Due to the current drought which is starving crops and profits from Australia’s farmers the government is offering a new tax deduction to assist farmers through this time of hardship.
This new legislation allows immediate deductions for the cost of fodder storage assets so as to encourage farmers to store fodder.
Fodder storage assets refer to silos and hay sheds etc. For the full definition of fodder storage assets according to the law click this link:
The legislation is not officially passed yet however it is not far away, accelerated so as to help farmers through this crises time. This article outlines the changes in fuller detail: https://www.weeklytimesnow.com.au/news/national/tax-breaks-concessional-loans-focus-for-federal-governments-second-round-of-drought-aid/news-story/28ec1d8fbd43c95129540d70998cccb4
Sheds and Garages in Sunbury
At Central Steel Build, we’ve been building sheds and garages in Sunbury and the Hume area since 1975. Based only a 30 minute drive away, some of our earliest sheds were erected in Sunbury and we’ve since built hundreds, from small backyard sheds to large industrial sheds.
Our sheds are custom designed, engineered and manufactured locally at our Kyneton offices, just 51km away from Sunbury. Our central location allows us to service all of the Macedon Ranges area and most of regional Victoria.
We design and construct the following types of buildings in Sunbury and surrounding areas:
Other Steel Framed Buildings
See below some of the projects that we have constructed in Sunbury in the past:
1. Machinery Shed
We crane lift large and industrial sheds, as you can see in this photo of a machinery shed being lifted in Sunbury.
2. Storage Shed Extension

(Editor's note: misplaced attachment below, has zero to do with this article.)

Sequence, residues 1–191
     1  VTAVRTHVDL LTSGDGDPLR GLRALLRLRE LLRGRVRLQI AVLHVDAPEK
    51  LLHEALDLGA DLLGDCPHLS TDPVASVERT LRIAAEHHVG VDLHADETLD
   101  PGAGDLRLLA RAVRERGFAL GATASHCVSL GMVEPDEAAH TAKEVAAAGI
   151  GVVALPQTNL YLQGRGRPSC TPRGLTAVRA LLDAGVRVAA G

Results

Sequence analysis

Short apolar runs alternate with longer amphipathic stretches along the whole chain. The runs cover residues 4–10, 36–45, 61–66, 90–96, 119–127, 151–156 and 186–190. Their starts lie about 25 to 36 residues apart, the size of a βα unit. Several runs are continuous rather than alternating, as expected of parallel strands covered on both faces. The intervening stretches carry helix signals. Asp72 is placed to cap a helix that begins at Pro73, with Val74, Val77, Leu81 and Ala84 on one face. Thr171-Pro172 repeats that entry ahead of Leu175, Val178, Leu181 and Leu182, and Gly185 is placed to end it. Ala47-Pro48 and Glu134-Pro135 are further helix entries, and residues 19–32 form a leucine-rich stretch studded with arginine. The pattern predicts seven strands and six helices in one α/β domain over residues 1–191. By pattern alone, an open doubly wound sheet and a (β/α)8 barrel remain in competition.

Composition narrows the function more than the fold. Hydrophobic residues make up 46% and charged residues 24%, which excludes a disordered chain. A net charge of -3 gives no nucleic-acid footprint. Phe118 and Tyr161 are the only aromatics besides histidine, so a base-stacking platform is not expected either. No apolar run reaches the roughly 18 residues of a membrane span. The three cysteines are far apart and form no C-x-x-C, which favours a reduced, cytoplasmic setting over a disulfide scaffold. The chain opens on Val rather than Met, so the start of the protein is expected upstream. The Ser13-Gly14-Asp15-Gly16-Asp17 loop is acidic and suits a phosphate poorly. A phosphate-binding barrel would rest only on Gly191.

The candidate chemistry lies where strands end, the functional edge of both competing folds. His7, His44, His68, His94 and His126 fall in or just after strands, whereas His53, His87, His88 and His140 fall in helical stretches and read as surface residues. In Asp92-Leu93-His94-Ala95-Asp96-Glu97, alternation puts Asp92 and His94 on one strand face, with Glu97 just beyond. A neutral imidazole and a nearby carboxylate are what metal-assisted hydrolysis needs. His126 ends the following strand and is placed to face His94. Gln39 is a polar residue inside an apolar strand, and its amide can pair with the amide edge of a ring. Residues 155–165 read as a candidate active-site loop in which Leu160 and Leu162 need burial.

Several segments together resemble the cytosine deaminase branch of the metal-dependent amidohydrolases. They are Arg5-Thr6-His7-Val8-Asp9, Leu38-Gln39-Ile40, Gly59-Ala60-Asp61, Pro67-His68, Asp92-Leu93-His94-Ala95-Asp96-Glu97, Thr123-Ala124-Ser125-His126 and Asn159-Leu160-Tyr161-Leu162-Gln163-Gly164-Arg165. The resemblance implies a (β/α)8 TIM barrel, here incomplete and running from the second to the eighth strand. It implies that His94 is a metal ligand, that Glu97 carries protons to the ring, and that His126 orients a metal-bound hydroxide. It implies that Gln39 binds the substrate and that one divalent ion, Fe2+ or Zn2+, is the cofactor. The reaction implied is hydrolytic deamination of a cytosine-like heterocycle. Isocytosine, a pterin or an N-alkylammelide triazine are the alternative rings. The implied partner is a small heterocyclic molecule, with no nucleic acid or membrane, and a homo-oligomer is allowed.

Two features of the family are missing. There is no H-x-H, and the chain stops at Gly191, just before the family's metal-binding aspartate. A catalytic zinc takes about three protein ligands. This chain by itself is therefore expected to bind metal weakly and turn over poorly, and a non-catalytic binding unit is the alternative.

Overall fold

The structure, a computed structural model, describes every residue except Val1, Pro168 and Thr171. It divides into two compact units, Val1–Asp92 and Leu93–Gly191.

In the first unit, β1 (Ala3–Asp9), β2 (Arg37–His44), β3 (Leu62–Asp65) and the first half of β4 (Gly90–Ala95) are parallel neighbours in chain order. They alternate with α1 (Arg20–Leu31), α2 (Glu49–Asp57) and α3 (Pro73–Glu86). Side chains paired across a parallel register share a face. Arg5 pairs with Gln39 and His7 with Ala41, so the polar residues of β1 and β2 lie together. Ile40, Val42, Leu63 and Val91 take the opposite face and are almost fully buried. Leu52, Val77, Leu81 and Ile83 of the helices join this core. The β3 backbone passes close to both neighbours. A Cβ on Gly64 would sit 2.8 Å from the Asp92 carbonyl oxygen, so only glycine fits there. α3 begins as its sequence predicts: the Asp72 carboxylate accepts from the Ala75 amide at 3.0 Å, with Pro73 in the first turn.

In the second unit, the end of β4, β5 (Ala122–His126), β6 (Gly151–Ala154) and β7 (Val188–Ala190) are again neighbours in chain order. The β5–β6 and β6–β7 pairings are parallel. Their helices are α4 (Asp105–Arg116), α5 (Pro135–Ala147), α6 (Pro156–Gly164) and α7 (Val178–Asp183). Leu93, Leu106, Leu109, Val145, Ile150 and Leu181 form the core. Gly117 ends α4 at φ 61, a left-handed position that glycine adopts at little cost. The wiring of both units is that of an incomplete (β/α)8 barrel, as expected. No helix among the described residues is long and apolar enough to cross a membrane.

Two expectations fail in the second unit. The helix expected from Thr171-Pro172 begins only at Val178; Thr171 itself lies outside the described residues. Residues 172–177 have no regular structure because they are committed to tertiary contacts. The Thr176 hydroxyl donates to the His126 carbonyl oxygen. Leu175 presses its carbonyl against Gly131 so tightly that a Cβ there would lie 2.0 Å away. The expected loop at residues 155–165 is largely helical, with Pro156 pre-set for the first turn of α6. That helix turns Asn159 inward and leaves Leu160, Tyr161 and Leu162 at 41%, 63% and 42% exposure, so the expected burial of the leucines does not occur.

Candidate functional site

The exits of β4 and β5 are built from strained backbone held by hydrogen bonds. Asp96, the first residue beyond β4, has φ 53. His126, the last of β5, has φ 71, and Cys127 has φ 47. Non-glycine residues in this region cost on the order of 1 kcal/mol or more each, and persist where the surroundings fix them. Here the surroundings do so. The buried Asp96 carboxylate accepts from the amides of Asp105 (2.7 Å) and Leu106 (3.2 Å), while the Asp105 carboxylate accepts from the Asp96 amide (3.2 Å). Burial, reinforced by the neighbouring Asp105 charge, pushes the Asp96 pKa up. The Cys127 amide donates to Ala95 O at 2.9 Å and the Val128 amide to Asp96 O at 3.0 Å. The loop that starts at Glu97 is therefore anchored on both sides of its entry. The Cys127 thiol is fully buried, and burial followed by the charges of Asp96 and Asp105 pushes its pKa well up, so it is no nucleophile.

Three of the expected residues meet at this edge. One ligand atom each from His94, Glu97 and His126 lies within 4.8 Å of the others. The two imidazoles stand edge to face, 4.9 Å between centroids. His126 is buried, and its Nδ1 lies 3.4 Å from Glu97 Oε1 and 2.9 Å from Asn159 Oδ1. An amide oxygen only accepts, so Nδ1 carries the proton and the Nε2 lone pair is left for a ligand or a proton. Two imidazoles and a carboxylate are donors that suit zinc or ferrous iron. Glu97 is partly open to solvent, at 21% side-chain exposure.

We often revisit existing projects to add extensions or expand sheds we’ve built in the past.
3. Residential Shed
This residential shed offers vehicle storage as well as an additional shed space for private use. Sheds like this are popular on Sunbury farms and homes.
Indoor Arena Etiquette
Quick note: People ride because they love it. Intentions are always good, so try to be kind and understanding if errors are made.
Always wear a helmet
Even if you aren’t riding. If you step into the arena, you need to have a helmet on.
Mount outside the arena or in the very middle
Otherwise, you risk getting in everyone’s way – which is dangerous. This is the same for making adjustments to your stirrups etc.
Ride in the direction of the other horses
Don’t ride against the flow, it will make things more difficult for everyone.
Close the gate behind you
Don’t leave any gaps open through which horses could escape.
Let faster horses/riders travel on the outside of the track
Fast outside, slower inside. This helps things flow best.
Don’t leave horses unattended
Sharing an indoor requires everyone to be aware and cautious of their horses at all times.
Announce your intentions
If you’re about to pass someone from behind, say ‘passing on your left’. Do this for all actions that it would benefit others to know.
Maintain a horse length from the horse in front of you
This allows everyone time to react to anything unplanned.
Don’t talk over the rail
Doing this will put you in the way of other horses and riders. If you need to talk to your trainer, make sure you’re out of others’ path.
No dogs on the arena
This could spook other horses. Dogs can also get in the way of riders.
Give your commands quietly
Don’t shout or yell when commanding your horse. This makes the arena more difficult for everyone to enjoy.
Clean up afterwards
Make sure that any mess you’ve made is cleaned up when your session is over.
Warm of any loud noises
If you’re going to do something you know will cause a loud noise, let others know. A loud sliding door could spook other horses.
Read more: 16 equestrian tips and tricks
Download: Dressage arena dimension sheet